Rutgers Spycam Trial: Former student admits to adjusting webcam for Dharun Ravi
(CBS/AP) NEW BRUNSWICK, N.J. - A Rutgers student gave some of the most damaging testimony yet in Dharun Ravi's trial for allegedly using a webcam to spy on his roommate's intimate encounter with another man.
On Wednesday, Lokesh Ojha told the court how he had helped the defendant adjust his webcam so he could get a clear view of his roommate's bed. Authorities say that by then, Ravi had already spied on roommate Tyler Clementi once, and said on that night, Sept. 21, 2010, he was intending to do it again.
Days after the incident, Clementi committed suicide by jumping off the George Washington Bridge.
After the prosecution finished questioning Ojha, Ravi's defense lawyer cross-examined him and new, more complicated stories emerged. Ojha appeared to be fighting back tears as he acknowledged that he didn't tell the entire truth under oath in an early meeting with investigators.
"I thought my college career was over," he said staring down at the top of the witness stand.
"Why," Altman asked.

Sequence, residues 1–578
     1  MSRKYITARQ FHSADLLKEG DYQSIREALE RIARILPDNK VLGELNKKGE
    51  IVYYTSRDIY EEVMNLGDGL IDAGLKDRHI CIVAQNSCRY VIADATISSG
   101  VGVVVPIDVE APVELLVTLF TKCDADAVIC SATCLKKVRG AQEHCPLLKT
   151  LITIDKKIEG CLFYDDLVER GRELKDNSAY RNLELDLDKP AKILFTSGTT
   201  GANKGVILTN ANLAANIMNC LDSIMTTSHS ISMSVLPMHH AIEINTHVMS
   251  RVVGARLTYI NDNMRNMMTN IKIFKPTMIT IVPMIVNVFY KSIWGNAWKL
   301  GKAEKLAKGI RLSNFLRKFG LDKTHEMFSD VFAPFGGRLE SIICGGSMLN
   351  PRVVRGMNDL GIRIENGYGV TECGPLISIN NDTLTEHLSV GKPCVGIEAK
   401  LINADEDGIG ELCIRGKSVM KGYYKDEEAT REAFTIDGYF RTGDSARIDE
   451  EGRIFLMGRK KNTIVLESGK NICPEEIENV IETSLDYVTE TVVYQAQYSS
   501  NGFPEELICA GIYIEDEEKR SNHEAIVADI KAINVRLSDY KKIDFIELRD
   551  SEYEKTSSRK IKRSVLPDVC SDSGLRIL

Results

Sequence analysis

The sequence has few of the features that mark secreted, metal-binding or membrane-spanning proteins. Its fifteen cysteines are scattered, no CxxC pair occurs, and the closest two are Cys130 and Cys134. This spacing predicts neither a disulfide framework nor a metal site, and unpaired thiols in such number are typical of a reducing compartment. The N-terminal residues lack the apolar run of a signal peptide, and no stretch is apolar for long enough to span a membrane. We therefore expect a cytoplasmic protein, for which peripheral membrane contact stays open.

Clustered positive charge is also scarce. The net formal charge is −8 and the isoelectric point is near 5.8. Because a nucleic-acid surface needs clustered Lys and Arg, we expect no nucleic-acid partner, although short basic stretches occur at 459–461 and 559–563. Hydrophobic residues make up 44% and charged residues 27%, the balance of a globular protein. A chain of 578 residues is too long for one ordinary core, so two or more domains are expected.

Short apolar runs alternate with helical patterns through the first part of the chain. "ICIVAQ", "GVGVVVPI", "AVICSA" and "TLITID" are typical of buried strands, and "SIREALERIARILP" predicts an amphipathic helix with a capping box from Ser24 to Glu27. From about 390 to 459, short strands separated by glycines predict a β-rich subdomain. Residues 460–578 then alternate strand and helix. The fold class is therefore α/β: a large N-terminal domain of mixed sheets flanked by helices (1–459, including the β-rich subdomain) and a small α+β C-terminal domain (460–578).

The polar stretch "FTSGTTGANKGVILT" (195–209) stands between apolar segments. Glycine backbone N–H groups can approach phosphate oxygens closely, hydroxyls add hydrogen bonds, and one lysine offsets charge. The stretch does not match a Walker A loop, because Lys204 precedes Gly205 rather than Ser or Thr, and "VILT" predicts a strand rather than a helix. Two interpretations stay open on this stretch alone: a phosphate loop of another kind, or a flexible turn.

"Because I helped him," Ojha said. "I helped him set it up." Ojha did say that while he was trying to help Ravi with his webcam, Ravi never told him why he wanted the help.
Ojha was the first student to say that he tried to connect with Ravi's webcam on Sept. 21, the night Ravi posted on Twitter: "Anyone with iChat, I dare you to videochat me between the hours of 9:30 and 12. Yes, it's happening again."
The Star-Ledger reports Ravi then went to Ojha's room and to his computer to check the webcam, the friend testified. Ravi left Ojha's room and went to his own.
"He was walking around the room," Ojha said, recalling how he could see Ravi through the webcam. "I saw Tyler's bed."
Ojha is expected to be back on the witness stand Thursday.
Also on Wednesday, jurors heard Clementi's own words for the first time when they were read a bit of an email he sent his resident assistant about the alleged spying. In the email, Clementi he was "extremely uncomfortable sharing a room with someone who would act in this manner." But Judge Glenn Berman ruled that further description could not be shared with jurors: Clementi said what he called spying was "wildly inappropriate."
There's a chance that prosecutors will also call the man students said they saw kissing Clementi in a streaming video to testify. He's been identified in court papers only by his initials, M.B.,because prosecutors say he is the victim of a sex crime. It is not clear how tightly his identity will be protected when he appears in court.
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